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© Author(s) 2019. This work is distributed under
the Creative Commons Attribution 4.0 License.
© Author(s) 2019. This work is distributed under
the Creative Commons Attribution 4.0 License.

Submitted as: research article 24 Apr 2019

Submitted as: research article | 24 Apr 2019

Review status
This discussion paper is a preprint. A revision of the manuscript is under review for the journal Biogeosciences (BG).

Deep-sea sponge grounds as nutrient sinks: High denitrification rates in boreo-arctic sponges

Christine Rooks1, James Kar-Hei Fang2, Pål Tore Mørkved3, Rui Zhao1, Hans Tore Rapp1,4,5, Joana R. Xavier1,6, and Friederike Hoffmann1 Christine Rooks et al.
  • 1Department of Biological Sciences, University of Bergen, Postboks 7803, 5020, Bergen, Norway
  • 2Department of Applied Biology and Chemical Technology, The Hong Kong Polytechnic University, Hung Hom, Hong Kong
  • 3Department of Earth Sciences, University of Bergen, Postboks 7803, 5020, Bergen, Norway
  • 4K.G. Jebsen Centre for Deep Sea Research, University of Bergen, Postboks 7803, 5020, Bergen, Norway
  • 5NORCE, Norwegian Research Centre, NORCE Environment, Nygårdsgaten 112, 5008 Bergen, Norway
  • 6CIIMAR – Interdisciplinary Centre of Marine and Environmental Research of the University of Porto, 4450-208 Matosinhos, Portugal

Abstract. Sponges are commonly known as general nutrient providers for the marine ecosystem, recycling organic matter into various forms of bio-available nutrients such as ammonium and nitrate. In this study we challenge this view. We show that nutrient removal through microbial denitrification is a common feature in six cold-water sponge species from boreal and Arctic sponge grounds. Denitrification rates were quantified by incubating sponge tissue sections with 15NO3- – amended oxygen saturated seawater, mimicking conditions in pumping sponges, and de-oxygenated seawater, mimicking non-pumping sponges. Rates of anaerobic ammonium oxidation (anammox) using incubations with 15NH4+ could not be detected. Denitrification rates of the different sponge species ranged from 0 to 114 nmol N cm-3 sponge day-1 under oxic conditions, and from 47 to 342 nmol N cm-3 sponge day-1 under anoxic conditions.

An exponential relationship between the highest potential rates of denitrification (in the absence of oxygen) and the species-specific abundances of nirS and nirK genes encoding nitrite reductase, a key enzyme for denitrification, suggests that the denitrifying community in these sponge species is both prepared and optimized for denitrification. The lack of a lag phase in the linear accumulation of the 15N labelled N2 gas in any of our tissue incubations is another indicator for an active community of denitrifiers in the investigated sponge species.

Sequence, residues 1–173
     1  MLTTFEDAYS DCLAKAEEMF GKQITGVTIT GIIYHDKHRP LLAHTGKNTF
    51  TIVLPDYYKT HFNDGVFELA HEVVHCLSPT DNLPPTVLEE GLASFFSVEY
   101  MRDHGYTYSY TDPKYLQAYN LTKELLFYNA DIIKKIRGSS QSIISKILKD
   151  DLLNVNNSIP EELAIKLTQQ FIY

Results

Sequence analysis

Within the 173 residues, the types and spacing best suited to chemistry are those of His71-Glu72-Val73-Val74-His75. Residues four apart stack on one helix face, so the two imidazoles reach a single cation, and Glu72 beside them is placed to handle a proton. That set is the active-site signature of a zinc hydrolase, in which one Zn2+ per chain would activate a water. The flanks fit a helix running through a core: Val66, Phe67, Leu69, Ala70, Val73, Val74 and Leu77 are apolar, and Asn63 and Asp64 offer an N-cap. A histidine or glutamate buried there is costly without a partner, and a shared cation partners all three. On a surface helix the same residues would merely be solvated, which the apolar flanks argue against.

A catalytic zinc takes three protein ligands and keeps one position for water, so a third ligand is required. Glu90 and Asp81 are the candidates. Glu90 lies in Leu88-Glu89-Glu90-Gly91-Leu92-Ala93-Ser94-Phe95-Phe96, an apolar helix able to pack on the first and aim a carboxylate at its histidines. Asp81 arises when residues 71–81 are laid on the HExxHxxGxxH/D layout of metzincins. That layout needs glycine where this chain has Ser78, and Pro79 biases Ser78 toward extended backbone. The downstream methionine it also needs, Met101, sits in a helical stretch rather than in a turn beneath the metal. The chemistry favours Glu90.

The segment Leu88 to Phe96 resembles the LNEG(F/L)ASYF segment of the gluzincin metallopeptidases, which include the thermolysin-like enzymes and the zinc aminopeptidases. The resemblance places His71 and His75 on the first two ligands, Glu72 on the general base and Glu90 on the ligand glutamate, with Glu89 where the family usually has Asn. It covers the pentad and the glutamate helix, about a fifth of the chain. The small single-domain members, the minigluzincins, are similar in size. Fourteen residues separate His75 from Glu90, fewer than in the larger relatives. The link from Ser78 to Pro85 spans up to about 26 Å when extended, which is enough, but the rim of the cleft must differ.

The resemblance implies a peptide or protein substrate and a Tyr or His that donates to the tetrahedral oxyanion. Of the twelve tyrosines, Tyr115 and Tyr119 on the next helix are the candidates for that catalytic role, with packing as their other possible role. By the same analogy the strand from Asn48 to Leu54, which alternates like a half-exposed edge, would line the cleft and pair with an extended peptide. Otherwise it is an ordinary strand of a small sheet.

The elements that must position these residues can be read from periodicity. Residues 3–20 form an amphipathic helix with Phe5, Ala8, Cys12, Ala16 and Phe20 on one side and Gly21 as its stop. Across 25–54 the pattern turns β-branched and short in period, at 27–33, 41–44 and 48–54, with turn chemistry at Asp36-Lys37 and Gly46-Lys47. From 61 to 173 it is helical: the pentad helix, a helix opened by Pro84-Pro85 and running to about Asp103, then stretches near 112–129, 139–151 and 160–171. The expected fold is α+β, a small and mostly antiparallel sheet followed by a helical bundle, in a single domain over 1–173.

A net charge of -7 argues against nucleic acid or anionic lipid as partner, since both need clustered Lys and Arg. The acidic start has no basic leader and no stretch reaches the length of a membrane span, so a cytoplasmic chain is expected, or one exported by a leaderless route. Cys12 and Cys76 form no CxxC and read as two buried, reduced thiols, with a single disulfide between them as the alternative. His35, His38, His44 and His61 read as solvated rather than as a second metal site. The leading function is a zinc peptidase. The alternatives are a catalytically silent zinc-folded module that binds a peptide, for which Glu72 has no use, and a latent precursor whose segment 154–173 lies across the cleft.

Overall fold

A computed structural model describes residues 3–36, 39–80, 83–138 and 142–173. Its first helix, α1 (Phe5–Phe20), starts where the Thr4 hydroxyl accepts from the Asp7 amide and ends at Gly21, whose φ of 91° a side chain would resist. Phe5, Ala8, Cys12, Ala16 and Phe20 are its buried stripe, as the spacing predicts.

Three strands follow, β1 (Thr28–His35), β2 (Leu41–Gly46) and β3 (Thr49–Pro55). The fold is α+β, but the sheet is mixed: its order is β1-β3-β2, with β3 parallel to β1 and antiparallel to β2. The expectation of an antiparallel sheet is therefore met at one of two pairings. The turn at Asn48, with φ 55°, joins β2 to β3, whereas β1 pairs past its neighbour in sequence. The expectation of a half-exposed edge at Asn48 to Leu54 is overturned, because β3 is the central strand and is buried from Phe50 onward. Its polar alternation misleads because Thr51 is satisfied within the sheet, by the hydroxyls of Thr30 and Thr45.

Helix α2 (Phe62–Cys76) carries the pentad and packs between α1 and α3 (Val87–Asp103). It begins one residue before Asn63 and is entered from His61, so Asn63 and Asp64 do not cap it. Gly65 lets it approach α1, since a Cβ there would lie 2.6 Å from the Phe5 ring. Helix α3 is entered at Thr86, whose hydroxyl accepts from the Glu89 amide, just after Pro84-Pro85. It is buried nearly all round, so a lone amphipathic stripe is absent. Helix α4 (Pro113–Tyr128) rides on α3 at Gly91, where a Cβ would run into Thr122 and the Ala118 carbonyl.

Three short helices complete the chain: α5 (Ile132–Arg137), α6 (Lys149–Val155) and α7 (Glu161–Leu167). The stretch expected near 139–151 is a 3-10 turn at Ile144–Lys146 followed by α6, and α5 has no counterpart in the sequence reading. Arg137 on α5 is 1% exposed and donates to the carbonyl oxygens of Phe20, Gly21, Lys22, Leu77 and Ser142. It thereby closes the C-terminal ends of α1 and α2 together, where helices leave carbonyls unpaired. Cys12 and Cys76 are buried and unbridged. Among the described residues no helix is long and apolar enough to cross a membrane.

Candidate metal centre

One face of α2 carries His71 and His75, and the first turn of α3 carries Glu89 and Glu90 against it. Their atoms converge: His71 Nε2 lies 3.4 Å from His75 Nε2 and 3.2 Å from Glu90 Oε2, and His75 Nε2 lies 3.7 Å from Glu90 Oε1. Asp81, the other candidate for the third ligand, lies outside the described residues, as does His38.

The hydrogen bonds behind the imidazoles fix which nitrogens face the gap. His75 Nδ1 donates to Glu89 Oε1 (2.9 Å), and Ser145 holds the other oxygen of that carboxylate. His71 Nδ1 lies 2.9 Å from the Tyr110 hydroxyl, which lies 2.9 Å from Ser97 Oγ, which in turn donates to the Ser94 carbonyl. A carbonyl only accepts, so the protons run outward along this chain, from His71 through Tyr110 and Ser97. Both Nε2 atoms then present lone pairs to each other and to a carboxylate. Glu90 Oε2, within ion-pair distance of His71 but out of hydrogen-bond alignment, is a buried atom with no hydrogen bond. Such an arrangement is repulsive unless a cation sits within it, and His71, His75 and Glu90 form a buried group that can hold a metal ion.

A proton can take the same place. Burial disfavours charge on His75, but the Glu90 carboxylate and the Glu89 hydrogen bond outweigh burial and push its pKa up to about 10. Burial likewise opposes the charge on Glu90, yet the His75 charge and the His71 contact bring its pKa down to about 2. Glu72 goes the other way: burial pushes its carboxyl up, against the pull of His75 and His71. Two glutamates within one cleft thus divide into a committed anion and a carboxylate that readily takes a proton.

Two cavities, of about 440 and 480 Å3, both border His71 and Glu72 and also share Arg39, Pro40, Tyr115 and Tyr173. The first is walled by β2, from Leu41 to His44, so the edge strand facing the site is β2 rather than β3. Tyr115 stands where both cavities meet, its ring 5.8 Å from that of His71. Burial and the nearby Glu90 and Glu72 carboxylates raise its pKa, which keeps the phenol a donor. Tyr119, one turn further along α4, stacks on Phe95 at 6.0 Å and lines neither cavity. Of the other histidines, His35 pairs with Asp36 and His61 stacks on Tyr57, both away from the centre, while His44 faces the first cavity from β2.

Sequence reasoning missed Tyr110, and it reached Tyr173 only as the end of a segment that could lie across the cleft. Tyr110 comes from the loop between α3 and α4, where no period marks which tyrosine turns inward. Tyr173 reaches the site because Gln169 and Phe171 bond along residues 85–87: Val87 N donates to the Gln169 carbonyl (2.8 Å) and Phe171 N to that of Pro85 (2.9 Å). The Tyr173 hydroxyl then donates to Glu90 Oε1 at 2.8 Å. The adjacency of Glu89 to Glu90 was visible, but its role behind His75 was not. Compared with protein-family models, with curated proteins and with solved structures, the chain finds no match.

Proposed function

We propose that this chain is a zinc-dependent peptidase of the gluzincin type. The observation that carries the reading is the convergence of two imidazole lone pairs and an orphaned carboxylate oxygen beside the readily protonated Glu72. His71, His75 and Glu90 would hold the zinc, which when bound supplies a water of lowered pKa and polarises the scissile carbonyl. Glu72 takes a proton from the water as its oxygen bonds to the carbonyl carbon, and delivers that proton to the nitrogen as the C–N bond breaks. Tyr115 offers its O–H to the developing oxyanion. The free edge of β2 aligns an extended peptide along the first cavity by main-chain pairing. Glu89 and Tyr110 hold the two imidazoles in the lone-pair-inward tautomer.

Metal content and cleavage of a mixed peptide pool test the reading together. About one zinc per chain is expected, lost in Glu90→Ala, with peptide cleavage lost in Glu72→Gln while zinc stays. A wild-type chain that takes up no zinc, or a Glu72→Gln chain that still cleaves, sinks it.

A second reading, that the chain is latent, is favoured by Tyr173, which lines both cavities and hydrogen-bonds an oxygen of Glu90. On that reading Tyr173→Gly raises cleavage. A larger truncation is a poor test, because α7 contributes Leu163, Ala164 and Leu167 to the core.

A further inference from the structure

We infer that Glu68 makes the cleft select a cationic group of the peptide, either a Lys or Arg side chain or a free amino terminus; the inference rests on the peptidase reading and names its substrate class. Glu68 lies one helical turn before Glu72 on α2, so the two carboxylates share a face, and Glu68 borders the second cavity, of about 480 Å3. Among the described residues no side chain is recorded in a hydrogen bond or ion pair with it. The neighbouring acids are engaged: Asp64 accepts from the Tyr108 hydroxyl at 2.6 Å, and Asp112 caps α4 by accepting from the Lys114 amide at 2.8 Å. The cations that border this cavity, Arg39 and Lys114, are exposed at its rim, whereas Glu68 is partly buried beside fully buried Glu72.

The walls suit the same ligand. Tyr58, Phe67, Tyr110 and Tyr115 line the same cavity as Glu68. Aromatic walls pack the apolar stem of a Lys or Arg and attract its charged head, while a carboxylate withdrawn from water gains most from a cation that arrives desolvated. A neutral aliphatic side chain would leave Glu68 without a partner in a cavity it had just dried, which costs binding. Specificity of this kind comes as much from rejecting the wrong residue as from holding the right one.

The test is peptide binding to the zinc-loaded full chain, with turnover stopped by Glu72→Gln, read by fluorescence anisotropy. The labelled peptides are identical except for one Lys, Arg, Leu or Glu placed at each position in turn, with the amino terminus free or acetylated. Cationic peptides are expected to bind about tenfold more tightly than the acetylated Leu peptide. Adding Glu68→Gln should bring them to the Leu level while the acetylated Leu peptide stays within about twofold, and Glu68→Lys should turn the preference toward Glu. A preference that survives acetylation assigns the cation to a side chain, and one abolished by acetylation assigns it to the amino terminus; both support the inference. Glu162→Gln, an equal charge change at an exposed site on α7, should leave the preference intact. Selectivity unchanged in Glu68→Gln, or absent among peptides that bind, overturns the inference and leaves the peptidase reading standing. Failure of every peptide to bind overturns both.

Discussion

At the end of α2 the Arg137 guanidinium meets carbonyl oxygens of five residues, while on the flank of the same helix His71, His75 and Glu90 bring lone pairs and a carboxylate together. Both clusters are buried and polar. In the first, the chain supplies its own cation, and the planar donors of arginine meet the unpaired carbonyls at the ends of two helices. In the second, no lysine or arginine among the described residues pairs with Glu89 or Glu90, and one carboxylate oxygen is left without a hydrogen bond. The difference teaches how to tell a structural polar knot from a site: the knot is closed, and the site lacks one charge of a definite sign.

High rates for coupled nitrification-denitrification (up to 89 % of nitrate reduction in the presence of oxygen) shows that under these conditions, the NO3- reduced in denitrification was primarily derived from nitrification within the sponge, directly coupling organic matter degradation and nitrification to denitrification in sponge tissues. Under anoxic condition when nitrification was not possible, nitrate to fuel the much higher denitrification rates had to be retrieved directly from the seawater. The lack of nifH genes encoding nitrogenase, the key enzyme for nitrogen fixation, shows that the nitrogen cycle is not closed in the sponge grounds. The denitrified nitrogen, no matter of its origin, is then no longer available as a nutrient for the marine ecosystem.

Considering average sponge biomasses on typical boreal and Arctic sponge grounds, our sponge denitrification rates reveal areal denitrification rates of 0.8 mmol N m-2 day-1 assuming non-pumping sponges and still 0.3 mmol N m-2 day-1 assuming pumping sponges. This is well within the range of denitrification rates of continental shelf sediments. For the most densely populated boreal sponge grounds we calculated denitrification rates of up to 2 mmol N m-2 day-1, which is comparable to rates in coastal sediments. Increased future impact of sponge grounds by anthropogenic stressors reducing sponge pumping activity and further stimulating sponge anaerobic processes may thus lead to that deep-sea sponge grounds change their role in the marine ecosystem from nutrient sources to nutrient sinks.

Christine Rooks et al.
Interactive discussion
Status: final response (author comments only)
Status: final response (author comments only)
AC: Author comment | RC: Referee comment | SC: Short comment | EC: Editor comment
Christine Rooks et al.
Data sets

Denitrification rates in boreo-arctic sponges - data of sponge species from Korsfjord (Norway) and the Schulz Bank (Arctic Ocean) C. Rooks, J. K.-H. Fang, P. T. Mørkved, R. Zhao, H. Rapp, H. Tore, J. R. Xavier, and F. Hoffmann

Christine Rooks et al.
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Short summary
When sponges hold their breath Sponge grounds are known as nutrient sources, providing nitrate and ammonium to the ocean. We found that they also can do the opposite: in 6 species from Arctic and North Atlantic sponge grounds, we measured high rates of denitrification, which remove these nutrients from the sea. Rates were highest when the sponge tissue got low in oxygen, which happens when sponges stop pumping because of stress. Sponge grounds may become nutrient sinks when exposed to stress.
When sponges hold their breath Sponge grounds are known as nutrient sources, providing nitrate...